This hypnotic, moody track is one of the quintessential ‘80s pop tunes, built on a spacious bed of percussion, marimba, and ethereal synthesizers. That setup left plenty of sonic room for a strong bass line to leave its mark and Tom Bailey’s thick synth bass achieves maximum impact with a minimum of notes; he leaves huge gaps between phrases and drops some tasty fills-in all the right places, including the classic high-register lick in the last verse!
6. Grandmaster Flash and the Furious Five, “White Lines” (Bassist: Doug Wimbish)
Rarely have two notes dropped so much funk! Grandmaster Flash and the Furious Five’s rap classic was built on a homegrown sample of the Sugarhill Records House Band covering “Cavern,” a track by NYC “no wave” band Liquid Liquid. Ensuing lawsuits for “unauthorized use” notwithstanding, Doug Wimbish’s fleet-fingered syncopation propels this track with an irresistible groove. Like “Jam On It,” this one still evokes the energy and urgency of the early days of hip hop.
7. Madonna, “Borderline” (Bassists: Anthony Jackson and Dean Gant)
Madonna’s first top 10 hit lifts a danceable groove with some subtly complex harmonic motion, especially in the chorus. The unique sonic character of the song’s jumpy, driving bass line is the result of Dean Gant’s synth bass expertly doubled by bass guitar virtuoso Anthony Jackson. In the choruses, the bass hits the thirds of the first two chords (C-sharp under the A major, and A-sharp under the F-sharp major). That’s a bold move for pop in any era!
8. Cyndi Lauper, “Time After Time” (Synth Bassist: Rob Hyman)
Initially released in 1983, “Time After Time” was the second single from Cyndi Lauper’s breakthrough debut album She’s So Unusual, and her first to reach number one. Amazingly, the bulk of the track is bass-free; Rob Hyman’s sweet arpeggiated figure only appears in the choruses! Nevertheless, this signature phrase — provided by the song’s co-writer — defines this timeless classic.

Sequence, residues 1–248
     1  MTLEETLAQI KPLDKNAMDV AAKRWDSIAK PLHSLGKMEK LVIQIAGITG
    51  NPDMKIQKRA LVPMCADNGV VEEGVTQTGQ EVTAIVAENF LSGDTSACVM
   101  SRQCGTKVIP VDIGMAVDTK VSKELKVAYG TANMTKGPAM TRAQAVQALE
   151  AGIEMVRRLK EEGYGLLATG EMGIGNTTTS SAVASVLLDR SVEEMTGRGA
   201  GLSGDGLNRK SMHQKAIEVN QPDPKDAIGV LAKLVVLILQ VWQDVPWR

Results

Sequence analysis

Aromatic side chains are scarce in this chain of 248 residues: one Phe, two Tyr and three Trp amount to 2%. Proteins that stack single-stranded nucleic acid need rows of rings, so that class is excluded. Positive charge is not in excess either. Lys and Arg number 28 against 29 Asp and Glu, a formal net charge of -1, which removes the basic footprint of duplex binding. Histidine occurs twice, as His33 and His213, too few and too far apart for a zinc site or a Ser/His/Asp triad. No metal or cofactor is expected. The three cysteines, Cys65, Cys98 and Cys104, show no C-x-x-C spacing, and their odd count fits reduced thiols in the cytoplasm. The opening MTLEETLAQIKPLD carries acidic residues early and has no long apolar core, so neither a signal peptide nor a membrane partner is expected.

9. Howard Jones, “No One Is to Blame” (Bassist: Mo Foster)
There was definitely a surplus of fretless bass on the radio in the ‘80s, as Jaco Pastorius’ new vocab from the jazz/fusion realm entered the mainstream’s ecosystem. But few bassists were as tasteful and creative with the instrument as veteran UK session player Mo Foster. This 1986 track from a Howard Jones album was reworked into a massive radio hit by Phil Collins and Hugh Padgham; bridging the gap between Collins’ powerhouse drumming and Jones’ smooth vocals is Foster’s sinewy, melodic fretwork.
10. Rick James, “Give It To Me, Baby” (Bassist: Rick James or Oscar Alston)
There is some debate as to who actually played this legendary line. The story goes that Rick James would compose the parts, and then teach them to his band members who would then add some signature flair. Regardless of whose hands made this funk, the result is a slice of musical genius: the figure remains the same over two different chords (D-flat minor and G-flat major) but perfectly outlines them both! By jet-propelling both the rhythm and the harmony, the bass line of “Give It to Me, Baby” has been filling dance floors since it first arrived in 1981.
Photo: Pino Palladino (Ethan Miller/Getty Images)